FLORES, MANUEL [?-1839]
FLORES, MANUEL (?–1839). Manuel Flores, trader and Mexican agent, lived before the Texas Revolution in Natchitoches Parish, Louisiana, where he illicitly traded with the Caddo Indians who lived in the vicinity. In 1835 he failed in an attempt to keep the Caddos from making a treaty with the United States that called for the removal of the Indians from Louisiana. The next year, during the Texas Revolution, he unsuccessfully tried to recruit these Indians to the side of Mexico. He eluded United States military units and presumably fled to Mexico; by 1838 he was associated with the Mexican authorities at Matamoros as an emissary with the task of convincing the Texas Indians that they should overthrow the Republic of Texas. In the spring of 1839, under orders from Valentín Canalizo, he led an expedition from Matamoros that carried war supplies to the Indians in Texas whom the Mexicans were trying to organize. After killing four members of a party of surveyors between Seguin and San Antonio on May 14, the Flores group was trailed by a company of Texas Rangersqv for two days, and a part of the ranger company, led by Lt. JamesO. Riceqv, confronted the Mexican group on the North San Gabriel River on May 17, 1839. Flores's band was routed, and Flores was reported among the dead. In the baggage removed after the skirmish the Texans found several documents that seemed to link the Cherokee Indians with a Mexican plot to conquer Texas. These documents prompted President Mirabeau B. Lamar to demand that the Cherokees leave Texas, and this precipitated the Cherokee War. In 1936 a marker was placed near the site of the Rice-Flores engagement. Flores has often been confused with another Manuel Floresqv. See also SAN GABRIELS, BATTLE OF THE.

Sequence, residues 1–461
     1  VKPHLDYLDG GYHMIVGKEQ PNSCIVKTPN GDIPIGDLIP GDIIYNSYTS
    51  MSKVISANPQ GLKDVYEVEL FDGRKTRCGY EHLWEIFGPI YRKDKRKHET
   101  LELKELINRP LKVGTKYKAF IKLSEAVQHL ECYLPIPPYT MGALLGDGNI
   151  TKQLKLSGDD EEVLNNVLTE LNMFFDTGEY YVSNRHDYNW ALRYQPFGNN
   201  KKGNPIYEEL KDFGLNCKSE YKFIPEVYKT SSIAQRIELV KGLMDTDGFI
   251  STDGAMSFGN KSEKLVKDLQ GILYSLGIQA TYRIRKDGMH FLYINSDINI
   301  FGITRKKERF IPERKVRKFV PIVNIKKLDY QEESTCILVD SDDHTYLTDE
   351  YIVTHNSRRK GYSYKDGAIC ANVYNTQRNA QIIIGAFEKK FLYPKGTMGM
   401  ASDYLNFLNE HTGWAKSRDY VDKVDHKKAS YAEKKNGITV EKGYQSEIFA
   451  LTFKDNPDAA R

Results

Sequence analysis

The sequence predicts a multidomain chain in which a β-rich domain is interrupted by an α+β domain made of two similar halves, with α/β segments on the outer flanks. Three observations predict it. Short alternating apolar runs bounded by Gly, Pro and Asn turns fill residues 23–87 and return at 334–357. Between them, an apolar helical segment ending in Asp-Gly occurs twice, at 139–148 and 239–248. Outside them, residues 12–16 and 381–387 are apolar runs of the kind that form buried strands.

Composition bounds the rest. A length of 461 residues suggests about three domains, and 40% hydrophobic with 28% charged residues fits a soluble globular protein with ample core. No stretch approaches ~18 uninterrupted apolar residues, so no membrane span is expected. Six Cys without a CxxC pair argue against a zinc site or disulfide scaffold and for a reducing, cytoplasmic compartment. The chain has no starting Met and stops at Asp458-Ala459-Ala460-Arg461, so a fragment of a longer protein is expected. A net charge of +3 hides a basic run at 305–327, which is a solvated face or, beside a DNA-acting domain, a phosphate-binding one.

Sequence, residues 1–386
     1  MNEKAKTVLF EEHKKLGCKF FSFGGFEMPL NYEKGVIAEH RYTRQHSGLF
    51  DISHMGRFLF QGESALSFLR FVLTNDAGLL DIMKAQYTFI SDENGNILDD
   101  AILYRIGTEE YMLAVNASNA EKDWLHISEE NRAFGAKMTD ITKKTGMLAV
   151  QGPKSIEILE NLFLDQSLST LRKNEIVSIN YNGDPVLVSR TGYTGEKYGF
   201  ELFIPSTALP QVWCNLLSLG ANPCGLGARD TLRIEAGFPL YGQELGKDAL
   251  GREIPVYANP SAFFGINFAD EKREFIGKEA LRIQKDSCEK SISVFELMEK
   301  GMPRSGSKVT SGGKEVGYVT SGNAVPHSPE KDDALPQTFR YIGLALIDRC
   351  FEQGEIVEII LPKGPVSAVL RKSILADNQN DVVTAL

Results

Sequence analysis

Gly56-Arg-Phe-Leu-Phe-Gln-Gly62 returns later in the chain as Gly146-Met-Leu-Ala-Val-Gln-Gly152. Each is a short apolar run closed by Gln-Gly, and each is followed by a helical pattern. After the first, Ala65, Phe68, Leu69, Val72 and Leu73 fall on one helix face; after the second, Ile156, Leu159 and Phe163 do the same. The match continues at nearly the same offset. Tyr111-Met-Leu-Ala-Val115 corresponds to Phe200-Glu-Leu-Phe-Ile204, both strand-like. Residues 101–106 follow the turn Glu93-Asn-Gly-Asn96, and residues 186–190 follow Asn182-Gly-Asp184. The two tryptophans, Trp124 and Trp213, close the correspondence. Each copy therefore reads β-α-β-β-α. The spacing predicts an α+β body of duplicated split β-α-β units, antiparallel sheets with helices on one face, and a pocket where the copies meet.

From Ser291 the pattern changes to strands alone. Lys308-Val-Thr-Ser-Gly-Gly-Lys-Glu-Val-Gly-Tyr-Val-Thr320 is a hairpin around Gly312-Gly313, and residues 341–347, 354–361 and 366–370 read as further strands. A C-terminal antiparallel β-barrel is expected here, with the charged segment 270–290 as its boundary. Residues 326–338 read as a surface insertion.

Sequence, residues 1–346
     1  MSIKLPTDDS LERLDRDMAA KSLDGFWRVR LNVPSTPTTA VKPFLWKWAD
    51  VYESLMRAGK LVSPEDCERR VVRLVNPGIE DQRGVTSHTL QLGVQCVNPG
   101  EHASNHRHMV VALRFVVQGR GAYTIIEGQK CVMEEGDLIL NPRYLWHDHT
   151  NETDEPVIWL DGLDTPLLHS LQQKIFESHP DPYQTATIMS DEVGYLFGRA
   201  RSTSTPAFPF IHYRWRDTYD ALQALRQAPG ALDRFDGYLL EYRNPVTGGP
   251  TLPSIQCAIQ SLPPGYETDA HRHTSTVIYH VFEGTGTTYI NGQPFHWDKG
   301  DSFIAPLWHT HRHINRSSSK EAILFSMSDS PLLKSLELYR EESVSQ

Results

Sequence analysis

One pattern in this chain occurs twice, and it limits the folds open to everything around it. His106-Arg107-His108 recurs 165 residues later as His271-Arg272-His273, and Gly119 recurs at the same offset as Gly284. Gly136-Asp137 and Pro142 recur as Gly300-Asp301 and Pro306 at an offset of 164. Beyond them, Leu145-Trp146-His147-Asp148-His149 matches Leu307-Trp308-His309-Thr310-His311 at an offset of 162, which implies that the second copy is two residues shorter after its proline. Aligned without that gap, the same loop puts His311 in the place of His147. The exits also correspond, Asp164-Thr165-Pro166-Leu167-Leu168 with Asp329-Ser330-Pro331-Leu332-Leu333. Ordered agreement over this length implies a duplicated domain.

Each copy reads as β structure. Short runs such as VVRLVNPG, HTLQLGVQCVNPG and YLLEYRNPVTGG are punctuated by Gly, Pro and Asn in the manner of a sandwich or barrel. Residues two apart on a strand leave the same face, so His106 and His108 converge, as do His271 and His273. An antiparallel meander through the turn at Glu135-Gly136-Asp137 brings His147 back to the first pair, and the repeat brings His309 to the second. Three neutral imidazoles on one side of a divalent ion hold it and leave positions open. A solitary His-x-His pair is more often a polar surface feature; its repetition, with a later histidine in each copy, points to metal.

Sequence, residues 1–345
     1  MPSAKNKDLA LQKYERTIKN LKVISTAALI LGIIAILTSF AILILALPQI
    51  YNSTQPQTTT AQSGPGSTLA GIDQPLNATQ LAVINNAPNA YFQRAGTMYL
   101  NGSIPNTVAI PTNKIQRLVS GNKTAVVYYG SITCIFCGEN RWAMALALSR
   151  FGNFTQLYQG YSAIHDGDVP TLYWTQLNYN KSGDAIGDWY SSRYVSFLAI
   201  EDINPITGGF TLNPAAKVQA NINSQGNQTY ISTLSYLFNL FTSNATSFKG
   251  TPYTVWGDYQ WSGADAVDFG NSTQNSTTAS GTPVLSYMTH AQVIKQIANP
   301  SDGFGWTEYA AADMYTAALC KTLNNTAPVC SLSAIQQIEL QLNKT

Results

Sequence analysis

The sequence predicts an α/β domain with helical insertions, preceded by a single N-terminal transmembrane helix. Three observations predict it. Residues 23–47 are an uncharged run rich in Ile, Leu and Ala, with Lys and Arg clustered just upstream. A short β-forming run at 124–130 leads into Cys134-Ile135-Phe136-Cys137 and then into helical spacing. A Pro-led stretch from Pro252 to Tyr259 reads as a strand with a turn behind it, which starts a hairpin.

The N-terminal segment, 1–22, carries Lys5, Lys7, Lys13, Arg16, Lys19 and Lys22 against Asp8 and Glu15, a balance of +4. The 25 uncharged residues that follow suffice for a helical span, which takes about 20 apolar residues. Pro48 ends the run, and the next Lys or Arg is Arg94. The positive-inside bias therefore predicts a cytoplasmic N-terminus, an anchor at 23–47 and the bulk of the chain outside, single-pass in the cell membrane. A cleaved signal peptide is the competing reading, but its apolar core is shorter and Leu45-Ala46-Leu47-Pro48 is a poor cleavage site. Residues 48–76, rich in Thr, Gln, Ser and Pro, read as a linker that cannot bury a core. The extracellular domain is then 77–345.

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The following, adapted from the Chicago Manual of Style, 15th edition, is the preferred citation for this article.Handbook of Texas Online, Roderick B. Patten, "Flores, Manuel [?-1839]," accessed May 30, 2016, http://www.tshaonline.org/handbook/online/articles/ffl16.
Uploaded on June 12, 2010. Published by the Texas State Historical Association.
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